Portrait of the Artist was tossed around with other stream of consciousness novels notably To the Lighthouse but I chose this simply because it is my personal favourite. The Unbearable Lightness of Being had to be mentioned, being a paean to post-modernism. Possession because of its mastery and expanse. And the one book that leads me into the heart of nobility and restraint -The Remains of the Day.

Monday, April 16, 2007

Thinking Blogger

Kak Teh has given me a Thinking blogger award!!! I am not entirely sure if I deserve such an honour (suddenly I am gripped with thoughts of the quality of this blog. The thinking bit is often nothing more than a repository of rants and random spiel). But I am deeply touched that she thought this blog worthy enough to be mentioned. Hers is a friendship that emerged from blog-world and spilled easily into the real one. We exchanged a few emails and discovered that at that time, we worked in adjacent buildings in the Bloomsbury area. I was a bit apprehensive about the first meeting as I had seen her by-line many times in leading publications, a known no-nonsense, respected journalist. But all was quelled when I found her to be warm, kind, opinionated and fairly mad. And I also discovered in her a master storyteller who kept us mesmerized with anecdotes of her various adventures over the years. This is a friendship that continues to be cultivated over many a curry mee, nasi goreng and nescafe tarik.

So now I must set about tagging five more bloggers. This is a difficult task though a few names popped in my mind immediately. The problem is that I don't know some of these bloggers that I am going to mention- I have just started reading their blogs and haven't left a comment or exchanged any kind of contact. I just hope that they don't think of me as a random weirdo- I genuinely love these blogs and they also leave me with brain fodder.

1. Starlight : Starlight and I have become virtual friends. I always feel a sense of lightness emanating from her entries, how she is always striving to learn from all the life lessons that are thrown to her and the inner contemplativeness to always check herself, her thoughts and views. Of yoga journeys, introspections and always, exhaling.

2. Masalachaii: If there is one thing that strikes me about Ms Chai, its her infectious upbeat, fiery and kick-ass attitude. She is always doing doing something, going somewhere and learning something . Of maximum living and joie de vivre.

3. Amir Muhammad: He doesn't know me but through his blog, which has been a repository of his film work, I read about the trials and tribulations of making Komunis and Kampung, the political brouhaha and the ban on the movie as well as the new one, Apa Khabar Orang Kampung. I love that he never loses his sense of humour in all this and that he remains undefeated, moving on with his next project. Of history, sense of self and a certain up your a***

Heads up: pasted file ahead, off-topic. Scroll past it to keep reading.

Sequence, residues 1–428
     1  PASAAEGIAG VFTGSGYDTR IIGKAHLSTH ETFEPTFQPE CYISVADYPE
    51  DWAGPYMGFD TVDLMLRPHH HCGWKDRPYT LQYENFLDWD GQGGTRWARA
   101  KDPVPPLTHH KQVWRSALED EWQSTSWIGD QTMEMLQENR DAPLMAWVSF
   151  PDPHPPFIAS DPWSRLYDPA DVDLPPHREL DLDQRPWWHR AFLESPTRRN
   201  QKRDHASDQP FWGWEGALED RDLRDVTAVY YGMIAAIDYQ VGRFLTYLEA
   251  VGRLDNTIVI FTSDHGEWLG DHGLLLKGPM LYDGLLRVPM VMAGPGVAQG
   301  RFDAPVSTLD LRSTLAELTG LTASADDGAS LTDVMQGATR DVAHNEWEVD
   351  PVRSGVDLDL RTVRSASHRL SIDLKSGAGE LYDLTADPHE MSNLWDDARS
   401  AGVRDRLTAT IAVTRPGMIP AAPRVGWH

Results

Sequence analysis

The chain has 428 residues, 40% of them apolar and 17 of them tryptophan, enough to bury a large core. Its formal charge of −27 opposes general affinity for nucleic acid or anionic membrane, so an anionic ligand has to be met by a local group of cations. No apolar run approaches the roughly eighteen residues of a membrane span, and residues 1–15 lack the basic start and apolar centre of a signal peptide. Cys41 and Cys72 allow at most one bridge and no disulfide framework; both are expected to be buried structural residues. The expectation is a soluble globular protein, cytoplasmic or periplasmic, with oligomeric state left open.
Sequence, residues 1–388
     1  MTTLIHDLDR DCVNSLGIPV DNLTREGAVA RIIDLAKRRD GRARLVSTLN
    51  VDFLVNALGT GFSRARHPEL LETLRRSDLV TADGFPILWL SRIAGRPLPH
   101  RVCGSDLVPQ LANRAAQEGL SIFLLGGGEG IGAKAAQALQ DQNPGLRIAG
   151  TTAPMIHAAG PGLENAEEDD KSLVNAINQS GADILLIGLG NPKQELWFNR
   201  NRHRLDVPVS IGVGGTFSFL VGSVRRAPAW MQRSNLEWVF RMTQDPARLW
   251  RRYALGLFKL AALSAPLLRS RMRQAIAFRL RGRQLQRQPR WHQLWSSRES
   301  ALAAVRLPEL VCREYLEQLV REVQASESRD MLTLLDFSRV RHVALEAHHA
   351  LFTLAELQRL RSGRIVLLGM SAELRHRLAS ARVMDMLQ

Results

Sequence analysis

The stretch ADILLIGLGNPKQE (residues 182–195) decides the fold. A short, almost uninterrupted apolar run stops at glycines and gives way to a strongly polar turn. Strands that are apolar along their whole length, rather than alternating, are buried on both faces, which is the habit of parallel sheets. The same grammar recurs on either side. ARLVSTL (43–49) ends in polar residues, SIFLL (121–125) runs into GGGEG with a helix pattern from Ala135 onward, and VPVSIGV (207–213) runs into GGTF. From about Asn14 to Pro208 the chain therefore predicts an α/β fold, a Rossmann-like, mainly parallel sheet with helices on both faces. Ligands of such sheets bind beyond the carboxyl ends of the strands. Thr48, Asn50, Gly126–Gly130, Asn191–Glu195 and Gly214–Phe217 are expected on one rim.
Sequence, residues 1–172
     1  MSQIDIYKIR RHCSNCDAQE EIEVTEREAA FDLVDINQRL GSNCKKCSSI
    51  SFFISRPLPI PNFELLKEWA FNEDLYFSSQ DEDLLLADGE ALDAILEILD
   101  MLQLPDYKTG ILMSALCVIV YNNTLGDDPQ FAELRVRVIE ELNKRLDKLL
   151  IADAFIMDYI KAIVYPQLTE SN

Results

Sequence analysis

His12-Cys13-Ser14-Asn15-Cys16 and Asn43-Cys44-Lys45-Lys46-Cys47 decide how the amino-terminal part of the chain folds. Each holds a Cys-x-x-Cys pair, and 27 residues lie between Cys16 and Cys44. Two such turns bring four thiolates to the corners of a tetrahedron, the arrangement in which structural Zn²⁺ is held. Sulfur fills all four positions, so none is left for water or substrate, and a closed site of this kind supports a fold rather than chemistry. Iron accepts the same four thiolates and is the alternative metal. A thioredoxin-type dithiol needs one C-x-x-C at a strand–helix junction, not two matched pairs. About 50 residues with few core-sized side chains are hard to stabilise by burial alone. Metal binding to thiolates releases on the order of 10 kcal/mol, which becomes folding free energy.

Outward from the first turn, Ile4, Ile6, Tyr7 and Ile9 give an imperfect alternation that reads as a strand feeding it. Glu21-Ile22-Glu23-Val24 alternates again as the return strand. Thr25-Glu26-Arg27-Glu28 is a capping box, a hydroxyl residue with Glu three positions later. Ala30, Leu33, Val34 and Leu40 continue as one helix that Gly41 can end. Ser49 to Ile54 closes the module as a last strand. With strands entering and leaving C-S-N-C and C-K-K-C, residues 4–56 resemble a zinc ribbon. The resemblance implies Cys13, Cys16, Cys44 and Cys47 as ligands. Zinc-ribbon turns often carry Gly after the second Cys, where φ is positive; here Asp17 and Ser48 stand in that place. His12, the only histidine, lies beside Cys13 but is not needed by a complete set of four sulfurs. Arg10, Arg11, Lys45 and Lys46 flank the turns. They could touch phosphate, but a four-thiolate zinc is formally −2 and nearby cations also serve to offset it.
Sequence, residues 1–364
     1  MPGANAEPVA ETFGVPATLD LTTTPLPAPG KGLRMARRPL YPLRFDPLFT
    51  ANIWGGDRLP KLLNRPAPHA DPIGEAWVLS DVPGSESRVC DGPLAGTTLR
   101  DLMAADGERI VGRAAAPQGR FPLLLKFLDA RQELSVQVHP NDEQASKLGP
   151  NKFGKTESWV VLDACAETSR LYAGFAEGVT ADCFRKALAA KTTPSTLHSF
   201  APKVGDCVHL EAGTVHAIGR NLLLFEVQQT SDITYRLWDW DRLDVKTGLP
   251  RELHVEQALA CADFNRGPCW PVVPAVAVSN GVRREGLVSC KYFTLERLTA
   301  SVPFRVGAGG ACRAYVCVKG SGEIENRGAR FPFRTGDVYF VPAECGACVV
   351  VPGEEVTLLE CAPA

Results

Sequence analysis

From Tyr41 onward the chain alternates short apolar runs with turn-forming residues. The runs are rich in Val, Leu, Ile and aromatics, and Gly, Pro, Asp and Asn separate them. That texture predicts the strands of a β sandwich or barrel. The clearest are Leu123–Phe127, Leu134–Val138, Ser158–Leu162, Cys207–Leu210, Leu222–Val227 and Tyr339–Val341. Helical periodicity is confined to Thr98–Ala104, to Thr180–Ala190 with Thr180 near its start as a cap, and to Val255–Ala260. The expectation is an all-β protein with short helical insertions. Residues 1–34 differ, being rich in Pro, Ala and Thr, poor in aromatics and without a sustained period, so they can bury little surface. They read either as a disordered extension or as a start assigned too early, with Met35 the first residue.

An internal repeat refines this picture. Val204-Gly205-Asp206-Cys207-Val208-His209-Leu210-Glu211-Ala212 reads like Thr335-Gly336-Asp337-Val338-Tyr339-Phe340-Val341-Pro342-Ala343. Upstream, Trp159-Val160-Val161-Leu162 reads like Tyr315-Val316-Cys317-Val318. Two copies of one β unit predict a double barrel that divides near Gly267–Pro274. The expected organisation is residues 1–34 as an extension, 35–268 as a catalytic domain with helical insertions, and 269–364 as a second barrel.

4. Nursamad: I've just started reading 3540 Jalan Sudin but it is such an addictive blog-opinionated, passionate and honest. The biggest draw are the stories about her father's imprisonment, the emotional journeys and the intersection with the larger political background during that period. Of politics, passion and family.

5. Ms Blabs : We have become firm friends now. What I love about her is her honestly written posts. Through her, I have traveled vicariously to Egypt and shared all the angsty adventures of moving to a new country. Of travels, learning and always, cats.

This award was started here:
And now my dear recipients, your award comes with a price. You have to award five others whose blog you think deserve this award.

Should you choose to participate, please make sure you pass this list of rules to the blogs you are tagging. The participation rules are simple:

1. If, and only if, you get tagged, write a post with links to 5 blogs that make you think

2. Link to this post so that people can easily find the exact origin of the meme

3. Optional: Proudly display the 'Thinking Blogger Award' with a link to the post that you wrote.

Please, remember to tag blogs with real merits, i.e. relative content, and above all - blogs that really get you thinking!

Wednesday, April 11, 2007

If you shed tears when you miss the sun, you also miss the stars

says Tagore. Writing is a catharsis of sorts.

We sit in the half light of dusk. A few birds streak the purple-blue sky, rapidly disappearing from view. The crisp evening air chills the room. Somebody should get up and turn the heating on. But nobody does.

I hold on to my cream cable sweater, not thinking of putting it on. The tea my mother made has gone cold. The liquid that slides down my throat is unpleasant. It tinges my mouth with the slight acidic aftertaste of tea that has been left undrunk for too long.

Grief-numbed silence engraves the room. Opaque, dumb eyes stare at each other momentarily. We are still figures slumped on brown cushion chairs, watching the day sinking away. A few hours ago, a phone call comes through bringing results that breaks each one of us.

I place the phone down the receiver. It takes time for the news to be coherent. A numbness sets. An almost detached, clinical logic to the information. I am familiar with viable research projects. One that wins you grants, funding and jobs. Here, it is a question of a viable pregnancy. Of not being viable that is.

Suddenly, like a burst of molten lava, reality explodes. The tears come in a wrenching profusion.